Future 500 | Building Bridges for the Past 20 Years

As the planet grows more crowded and affluent, protecting the universal human right to safe food and clean, plentiful water is straining the capabilities of our natural resources.

This competition for resources is illuminating the interconnectedness of the Food, Water and Energy sectors. Actions taken in one area inherently impact the other two: the agriculture and energy industries are the largest global consumers of fresh water; transporting and heating water requires enormous amounts of energy; energy resource extraction reduces available land for food production and may contaminate local water sources. More than ever, sustaining our food and water supplies requires integrated solutions that reduce externalities and improve efficiency across sectors and geographies.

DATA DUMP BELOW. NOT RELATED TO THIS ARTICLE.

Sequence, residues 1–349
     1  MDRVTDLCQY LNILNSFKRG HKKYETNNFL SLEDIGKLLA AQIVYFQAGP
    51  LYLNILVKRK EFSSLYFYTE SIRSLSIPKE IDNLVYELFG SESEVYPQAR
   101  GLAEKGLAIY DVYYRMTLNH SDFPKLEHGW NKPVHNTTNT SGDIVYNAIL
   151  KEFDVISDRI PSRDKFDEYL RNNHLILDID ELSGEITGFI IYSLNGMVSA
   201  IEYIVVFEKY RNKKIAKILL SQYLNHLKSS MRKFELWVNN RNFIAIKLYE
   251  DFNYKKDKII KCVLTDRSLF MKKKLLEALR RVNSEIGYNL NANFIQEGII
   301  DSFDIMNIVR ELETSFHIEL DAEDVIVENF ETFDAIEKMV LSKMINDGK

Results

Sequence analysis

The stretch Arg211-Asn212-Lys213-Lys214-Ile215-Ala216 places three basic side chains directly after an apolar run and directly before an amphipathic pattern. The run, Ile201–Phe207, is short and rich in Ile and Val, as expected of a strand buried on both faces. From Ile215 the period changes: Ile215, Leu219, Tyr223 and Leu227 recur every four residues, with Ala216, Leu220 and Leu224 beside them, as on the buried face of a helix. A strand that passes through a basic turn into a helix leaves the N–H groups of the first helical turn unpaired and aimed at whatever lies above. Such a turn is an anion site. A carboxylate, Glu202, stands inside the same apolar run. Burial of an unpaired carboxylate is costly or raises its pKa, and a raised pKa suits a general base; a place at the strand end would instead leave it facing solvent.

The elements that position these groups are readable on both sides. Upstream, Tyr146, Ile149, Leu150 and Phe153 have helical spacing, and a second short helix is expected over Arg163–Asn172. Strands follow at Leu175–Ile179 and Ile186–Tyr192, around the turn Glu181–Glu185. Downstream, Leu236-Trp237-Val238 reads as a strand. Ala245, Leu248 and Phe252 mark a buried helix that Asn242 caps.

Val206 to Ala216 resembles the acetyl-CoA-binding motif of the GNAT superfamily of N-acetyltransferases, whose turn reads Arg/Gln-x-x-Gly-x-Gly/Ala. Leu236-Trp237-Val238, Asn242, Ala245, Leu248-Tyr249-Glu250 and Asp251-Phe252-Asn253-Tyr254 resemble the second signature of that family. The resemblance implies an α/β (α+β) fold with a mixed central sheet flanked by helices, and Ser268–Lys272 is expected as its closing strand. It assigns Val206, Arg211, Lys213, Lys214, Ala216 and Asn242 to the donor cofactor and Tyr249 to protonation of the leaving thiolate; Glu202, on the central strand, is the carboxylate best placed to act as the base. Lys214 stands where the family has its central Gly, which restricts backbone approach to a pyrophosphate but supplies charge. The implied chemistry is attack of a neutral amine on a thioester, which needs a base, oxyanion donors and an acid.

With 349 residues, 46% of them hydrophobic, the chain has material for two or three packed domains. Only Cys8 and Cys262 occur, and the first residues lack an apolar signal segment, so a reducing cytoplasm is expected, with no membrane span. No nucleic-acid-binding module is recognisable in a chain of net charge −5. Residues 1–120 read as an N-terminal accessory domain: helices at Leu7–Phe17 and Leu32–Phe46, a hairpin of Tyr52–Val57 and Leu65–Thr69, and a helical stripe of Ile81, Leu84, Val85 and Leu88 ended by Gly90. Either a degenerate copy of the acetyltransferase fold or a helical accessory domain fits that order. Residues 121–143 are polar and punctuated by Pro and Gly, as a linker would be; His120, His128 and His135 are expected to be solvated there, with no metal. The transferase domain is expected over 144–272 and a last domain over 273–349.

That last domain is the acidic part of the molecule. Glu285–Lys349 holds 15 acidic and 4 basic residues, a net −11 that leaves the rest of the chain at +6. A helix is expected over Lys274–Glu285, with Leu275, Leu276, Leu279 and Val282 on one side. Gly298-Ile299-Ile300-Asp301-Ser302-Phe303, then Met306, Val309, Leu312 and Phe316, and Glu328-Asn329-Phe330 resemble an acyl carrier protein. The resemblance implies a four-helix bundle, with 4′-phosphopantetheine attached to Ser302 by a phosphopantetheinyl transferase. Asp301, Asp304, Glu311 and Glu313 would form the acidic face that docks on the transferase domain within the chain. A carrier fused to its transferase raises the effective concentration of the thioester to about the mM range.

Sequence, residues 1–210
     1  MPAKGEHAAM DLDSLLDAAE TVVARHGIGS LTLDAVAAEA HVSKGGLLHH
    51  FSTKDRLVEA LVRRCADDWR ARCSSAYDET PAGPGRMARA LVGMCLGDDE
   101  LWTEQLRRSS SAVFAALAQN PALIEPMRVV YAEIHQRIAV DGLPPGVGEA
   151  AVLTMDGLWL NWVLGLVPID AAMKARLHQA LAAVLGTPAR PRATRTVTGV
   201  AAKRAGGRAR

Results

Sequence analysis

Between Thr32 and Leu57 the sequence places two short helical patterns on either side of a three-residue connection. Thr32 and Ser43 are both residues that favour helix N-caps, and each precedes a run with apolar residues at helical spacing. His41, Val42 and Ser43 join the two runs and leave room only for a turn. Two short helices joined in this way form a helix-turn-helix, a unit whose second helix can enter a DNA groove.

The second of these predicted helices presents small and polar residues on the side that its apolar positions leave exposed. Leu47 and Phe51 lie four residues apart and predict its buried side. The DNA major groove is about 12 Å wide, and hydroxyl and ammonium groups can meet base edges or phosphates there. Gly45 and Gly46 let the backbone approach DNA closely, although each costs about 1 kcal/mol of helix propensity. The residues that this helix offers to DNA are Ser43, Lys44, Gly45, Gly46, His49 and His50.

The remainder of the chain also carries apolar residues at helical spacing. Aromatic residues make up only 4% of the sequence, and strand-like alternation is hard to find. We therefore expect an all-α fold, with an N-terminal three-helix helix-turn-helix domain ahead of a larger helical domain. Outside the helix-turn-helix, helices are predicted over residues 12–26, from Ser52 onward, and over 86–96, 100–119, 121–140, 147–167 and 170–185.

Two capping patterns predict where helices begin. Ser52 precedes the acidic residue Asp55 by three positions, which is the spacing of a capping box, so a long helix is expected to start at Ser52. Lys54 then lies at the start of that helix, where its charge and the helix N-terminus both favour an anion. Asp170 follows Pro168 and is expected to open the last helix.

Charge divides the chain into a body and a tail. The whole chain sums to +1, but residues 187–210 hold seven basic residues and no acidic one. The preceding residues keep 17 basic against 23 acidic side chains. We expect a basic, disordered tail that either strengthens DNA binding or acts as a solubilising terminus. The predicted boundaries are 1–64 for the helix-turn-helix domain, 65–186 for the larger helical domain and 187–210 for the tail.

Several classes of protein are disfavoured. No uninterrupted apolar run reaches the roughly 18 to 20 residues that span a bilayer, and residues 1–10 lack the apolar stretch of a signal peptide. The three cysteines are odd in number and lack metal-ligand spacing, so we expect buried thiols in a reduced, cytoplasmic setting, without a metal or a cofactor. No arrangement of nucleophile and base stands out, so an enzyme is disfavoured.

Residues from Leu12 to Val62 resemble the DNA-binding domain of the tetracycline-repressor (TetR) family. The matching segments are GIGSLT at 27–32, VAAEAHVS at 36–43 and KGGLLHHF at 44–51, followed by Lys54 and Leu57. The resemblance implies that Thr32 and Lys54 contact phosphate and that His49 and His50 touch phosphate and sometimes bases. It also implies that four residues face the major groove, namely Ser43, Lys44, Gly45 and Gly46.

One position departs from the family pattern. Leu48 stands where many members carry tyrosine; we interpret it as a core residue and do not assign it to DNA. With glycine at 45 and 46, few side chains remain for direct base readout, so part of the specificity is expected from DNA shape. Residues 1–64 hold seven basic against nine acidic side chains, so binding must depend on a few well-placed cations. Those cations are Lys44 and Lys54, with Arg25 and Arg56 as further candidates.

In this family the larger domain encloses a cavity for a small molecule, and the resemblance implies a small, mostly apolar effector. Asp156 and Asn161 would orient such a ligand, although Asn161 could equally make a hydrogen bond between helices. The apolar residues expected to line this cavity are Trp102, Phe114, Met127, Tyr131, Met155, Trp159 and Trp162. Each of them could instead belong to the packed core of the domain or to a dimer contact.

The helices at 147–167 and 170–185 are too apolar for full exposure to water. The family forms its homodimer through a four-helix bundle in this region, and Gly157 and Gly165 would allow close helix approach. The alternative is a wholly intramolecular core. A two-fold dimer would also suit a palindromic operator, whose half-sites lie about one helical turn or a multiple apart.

Toward this end, Future 500 works with a broad range of stakeholders to advance systemic solutions at this critical nexus of food, water and energy. We align stakeholders to explore approaches that leverage corporate supply chain and political power to drive improvements in resource quality and quantity, including:





  • Leveraging technology to improve the nutritional value of food products.
  • Reducing the use of toxic chemical agents and food additives.
  • Promoting a balanced discussion on genetically modified organisms (GMOs).
  • Supporting regulations and industry standards that prevent watershed contamination.
  • Enabling innovative technologies that improve water treatment across supply chains.


  • Supporting innovation that enhances crop yields without compromising environmental and human health.
  • Eliminating food deserts.
  • Ensuring that land use for energy production does not jeopardize food security and ecosystem integrity.
  • Identifying fair water pricing mechanisms and industry best practices that reduce waste and boost efficiency.
  • Encouraging greater disclosure of corporate water use.
  • Convening stakeholders to advise decision makers on watershed-level supply risks and opportunities.

Program Staff

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